Tickets for Sunday's sold-out Memorial Cup final in Halifax have reached NHL prices as fans try to see the home team win it all.
The 10,000-plus tickets sold out before the Halifax Mooseheads even secured their spot in the championship game. Those tickets went for $50 to $75, but are now being resold for hundreds of dollars.
That's pushing people like Evan Tanner-Nodding of Spryfield out of the market. He's a big fan of the team, though his attendance has dropped off since his daughter was born in December.
"I thought I might get to go to a game with my father," he told CBC News Thursday as he tried to get tickets.
He expected to pay up to $300 for two tickets. "I did find tickets on StubHub, but they were lower bowl around centre ice for $489," he said. "The order would have come to over $900, which is just too much money for a regular old Joe like me."
Many Kijiji sellers are asking for $500 or more per ticket. Some are priced at $750 per ticket. StubHub lists two seats going for $795 US each, or more than $1,000 apiece.
By contrast, Toronto Maple Leafs tickets average just over $330 US during the regular season, according to ticket reseller TicketIQ, or about $445. You can watch the Toronto Raptors play in the NBA Eastern Conference Finals for a minimum of about $360 a ticket, according to current posts on Ticketmaster's resale platform.
Season-ticket holders got first dibs
Mooseheads president Brian Urquhart said their main goal was to ensure season-ticket holders got good seats and a decent price.
"We have over 95 per cent uptake from our season-ticket holders, so the building will be rocking on Sunday with our fans who have been with us every step of the way," he said Thursday.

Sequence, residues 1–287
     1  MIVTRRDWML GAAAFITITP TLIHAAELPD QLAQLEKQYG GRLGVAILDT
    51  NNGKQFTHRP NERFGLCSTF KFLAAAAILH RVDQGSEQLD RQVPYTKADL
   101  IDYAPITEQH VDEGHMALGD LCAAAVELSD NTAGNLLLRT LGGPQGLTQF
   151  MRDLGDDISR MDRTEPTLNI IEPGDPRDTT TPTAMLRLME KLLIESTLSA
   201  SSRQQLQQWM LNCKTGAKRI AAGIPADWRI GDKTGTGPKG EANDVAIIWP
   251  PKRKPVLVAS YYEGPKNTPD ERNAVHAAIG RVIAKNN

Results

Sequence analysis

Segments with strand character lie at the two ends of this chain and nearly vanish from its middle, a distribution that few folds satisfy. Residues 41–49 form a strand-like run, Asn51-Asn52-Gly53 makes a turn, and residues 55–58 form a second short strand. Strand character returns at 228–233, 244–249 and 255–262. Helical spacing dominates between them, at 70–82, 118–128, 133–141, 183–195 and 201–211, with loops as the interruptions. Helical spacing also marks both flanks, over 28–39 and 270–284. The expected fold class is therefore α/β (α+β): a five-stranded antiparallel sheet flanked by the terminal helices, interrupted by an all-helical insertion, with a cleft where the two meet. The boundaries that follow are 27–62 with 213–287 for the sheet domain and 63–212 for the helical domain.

Urquhart said the quick sellout was a great show of fan enthusiasm in Nova Scotia. Those tickets topped out at $75.
"I have a philosophy that what makes junior hockey great, part of it is the price tag. It's where you get to see a Nathan MacKinnon for $20, $40, before you have to pay $100 to see him," he said.
Urquhart said the game will be shown on TV.
When Halifax won the right to host the tournament last year, the Mooseheads hoped they'd find a way to the championship game. They did, via the unlikely process of losing to Rouyn-Noranda in the last game of the round robin.
That's driven up demand for tickets. No laws prevent reselling tickets for increased prices in Nova Scotia. Ontario tried to introduce such a law, but later dropped it.
Risk of buying stolen or lost tickets
The Scotiabank Centre in Halifax urges people not to buy tickets through brokers and prohibits people from selling tickets on its premises. It warns people: "If you accidentally purchase lost or stolen tickets, you risk being removed from your seats."
Tanner-Nodding and his father spent many happy days at Mooseheads games when he was growing up and they'd hoped to make some more memories. He's holding out hope one of the online contests he's entered will pay off, or he'll find someone selling for a "reasonable" price.
He said he did look for tickets earlier, but most came as part of multi-game packs, driving up the cost. With full-time work and a young daughter, he wouldn't be able to go to that many games anyway. He said his father supports the Ottawa Senators, while he's a Maple Leafs fan.
"So we don't watch a lot of NHL games together," he said. "But for the prices of tickets for this game, I could have went and seen a Leafs game with my father."
The Guelph Storm and the Rouyn-Noranda Huskies will play in the semifinal Friday night. The winner will play Halifax in the final Sunday.
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